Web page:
While comparing your friend or loved one’s situation with other breast cancer patients or survivors you know is hardly tactful (after all, no two cancers are ever the same), it can be helpful to put them directly in touch with a survivor who knows exactly what they’re going through. Be sure to ask them if they’d like to be connected in the first place, then give them the survivor’s phone number so they can follow up on their own time. Alternatively, you can point your friend or loved one to the American Cancer Society Reach to Recovery program, which will pair them with a volunteer who’s experienced a similar type of breast cancer, stage and treatment.

5. Cook Dinner Together

Sometimes, your friend may simply want company, and cooking dinner together (if they’re feeling well enough) can be a great way to spend an afternoon or evening. Let your friend tell you when they’re free, and be flexible in case they have to cancel at the last minute. Ask them what they’d like to eat that day, and grab fresh ingredients to bring to their home. Remember that people who’ve recently undergone chemotherapy may have experienced changes in their palette and eating habits. Here are some general tips to keep in mind:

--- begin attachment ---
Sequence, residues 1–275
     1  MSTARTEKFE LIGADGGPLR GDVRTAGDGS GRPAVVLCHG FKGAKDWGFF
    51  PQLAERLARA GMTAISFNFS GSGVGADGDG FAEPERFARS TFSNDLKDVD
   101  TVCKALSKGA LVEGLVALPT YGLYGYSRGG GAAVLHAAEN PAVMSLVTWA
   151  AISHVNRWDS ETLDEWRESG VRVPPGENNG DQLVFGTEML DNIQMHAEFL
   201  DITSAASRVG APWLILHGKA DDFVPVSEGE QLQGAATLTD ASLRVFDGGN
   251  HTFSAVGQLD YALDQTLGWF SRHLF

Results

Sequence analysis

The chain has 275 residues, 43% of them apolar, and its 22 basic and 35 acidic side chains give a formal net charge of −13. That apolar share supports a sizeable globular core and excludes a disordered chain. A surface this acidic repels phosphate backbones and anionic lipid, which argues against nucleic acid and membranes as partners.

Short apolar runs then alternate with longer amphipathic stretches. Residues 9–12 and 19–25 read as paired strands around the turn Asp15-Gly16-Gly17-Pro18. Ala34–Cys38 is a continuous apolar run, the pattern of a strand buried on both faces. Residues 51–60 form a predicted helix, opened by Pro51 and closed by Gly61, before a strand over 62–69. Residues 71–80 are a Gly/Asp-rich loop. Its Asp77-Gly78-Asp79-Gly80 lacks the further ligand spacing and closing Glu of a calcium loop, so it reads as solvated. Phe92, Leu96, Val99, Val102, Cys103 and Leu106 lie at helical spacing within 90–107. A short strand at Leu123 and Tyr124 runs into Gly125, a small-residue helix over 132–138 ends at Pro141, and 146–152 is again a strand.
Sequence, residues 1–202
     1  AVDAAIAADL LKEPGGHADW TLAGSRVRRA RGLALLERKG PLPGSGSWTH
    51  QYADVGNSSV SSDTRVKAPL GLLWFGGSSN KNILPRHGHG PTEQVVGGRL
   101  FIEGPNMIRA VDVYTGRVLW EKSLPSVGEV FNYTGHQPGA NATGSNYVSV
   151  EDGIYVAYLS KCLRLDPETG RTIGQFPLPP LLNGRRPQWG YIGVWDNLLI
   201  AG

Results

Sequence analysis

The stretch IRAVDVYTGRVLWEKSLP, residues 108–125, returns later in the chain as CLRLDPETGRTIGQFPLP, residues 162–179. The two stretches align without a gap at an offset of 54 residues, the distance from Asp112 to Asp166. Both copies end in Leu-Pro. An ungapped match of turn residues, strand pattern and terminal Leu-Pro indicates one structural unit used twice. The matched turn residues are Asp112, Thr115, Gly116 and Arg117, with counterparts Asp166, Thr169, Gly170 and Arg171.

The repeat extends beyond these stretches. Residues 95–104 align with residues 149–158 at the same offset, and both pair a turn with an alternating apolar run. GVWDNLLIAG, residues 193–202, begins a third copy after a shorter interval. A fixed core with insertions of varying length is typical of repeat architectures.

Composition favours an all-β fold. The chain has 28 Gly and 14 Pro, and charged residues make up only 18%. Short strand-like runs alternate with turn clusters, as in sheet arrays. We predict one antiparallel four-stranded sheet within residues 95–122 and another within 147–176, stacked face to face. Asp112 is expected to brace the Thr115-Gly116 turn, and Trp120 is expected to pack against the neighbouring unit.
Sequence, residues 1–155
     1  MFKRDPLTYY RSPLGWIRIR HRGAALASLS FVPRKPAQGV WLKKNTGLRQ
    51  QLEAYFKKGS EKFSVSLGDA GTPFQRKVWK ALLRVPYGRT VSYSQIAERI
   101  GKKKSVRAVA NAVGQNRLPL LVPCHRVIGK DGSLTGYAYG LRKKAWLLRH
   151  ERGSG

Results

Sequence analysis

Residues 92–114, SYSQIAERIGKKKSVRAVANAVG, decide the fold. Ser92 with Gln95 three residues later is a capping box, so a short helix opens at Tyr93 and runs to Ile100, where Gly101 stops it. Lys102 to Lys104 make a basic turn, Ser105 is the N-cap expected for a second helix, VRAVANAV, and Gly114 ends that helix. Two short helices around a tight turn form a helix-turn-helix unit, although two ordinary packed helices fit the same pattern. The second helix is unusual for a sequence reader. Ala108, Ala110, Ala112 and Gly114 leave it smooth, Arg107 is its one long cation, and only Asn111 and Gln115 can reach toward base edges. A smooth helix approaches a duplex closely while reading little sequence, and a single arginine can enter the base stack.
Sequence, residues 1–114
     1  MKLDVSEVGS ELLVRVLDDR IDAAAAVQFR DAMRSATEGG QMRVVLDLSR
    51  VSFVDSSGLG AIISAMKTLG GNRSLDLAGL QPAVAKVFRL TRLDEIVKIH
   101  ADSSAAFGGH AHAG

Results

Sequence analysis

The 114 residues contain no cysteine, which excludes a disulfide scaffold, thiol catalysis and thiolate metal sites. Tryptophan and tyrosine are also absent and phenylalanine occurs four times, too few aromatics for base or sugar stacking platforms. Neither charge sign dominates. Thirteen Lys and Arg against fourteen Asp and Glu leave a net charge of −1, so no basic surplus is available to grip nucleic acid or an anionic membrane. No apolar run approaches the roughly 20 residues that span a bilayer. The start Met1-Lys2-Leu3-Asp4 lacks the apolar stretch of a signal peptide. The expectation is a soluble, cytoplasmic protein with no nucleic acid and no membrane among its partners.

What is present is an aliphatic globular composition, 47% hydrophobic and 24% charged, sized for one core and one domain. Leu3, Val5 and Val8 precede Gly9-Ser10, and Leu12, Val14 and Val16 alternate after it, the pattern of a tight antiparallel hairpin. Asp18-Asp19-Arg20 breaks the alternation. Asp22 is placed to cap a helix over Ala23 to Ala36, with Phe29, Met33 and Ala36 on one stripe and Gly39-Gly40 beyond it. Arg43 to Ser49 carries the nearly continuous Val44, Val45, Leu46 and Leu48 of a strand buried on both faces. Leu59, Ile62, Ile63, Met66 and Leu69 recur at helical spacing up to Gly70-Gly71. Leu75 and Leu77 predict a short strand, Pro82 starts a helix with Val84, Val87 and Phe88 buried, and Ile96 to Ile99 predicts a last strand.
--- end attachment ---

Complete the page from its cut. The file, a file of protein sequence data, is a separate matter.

• Make smaller portions (and serve on smaller plates). Feel free to refrigerate or freeze the leftovers for your friend.
  • Keep the kitchen well ventilated, and consider serving the meal outdoors (weather permitting) or in a separate room. Let food cool to room temperature before serving to avoid strong aromas that may trigger queasiness in your friend.
  • Be adaptable. If your friend suddenly isn’t feeling well and can’t stomach your meal, stay patient. Be sure to offer liquids for hydration and check on them to see how you can support them.
  • Let them help with light tasks in the kitchen, if they feel strong enough.

6. Run Errands or Deliver Meals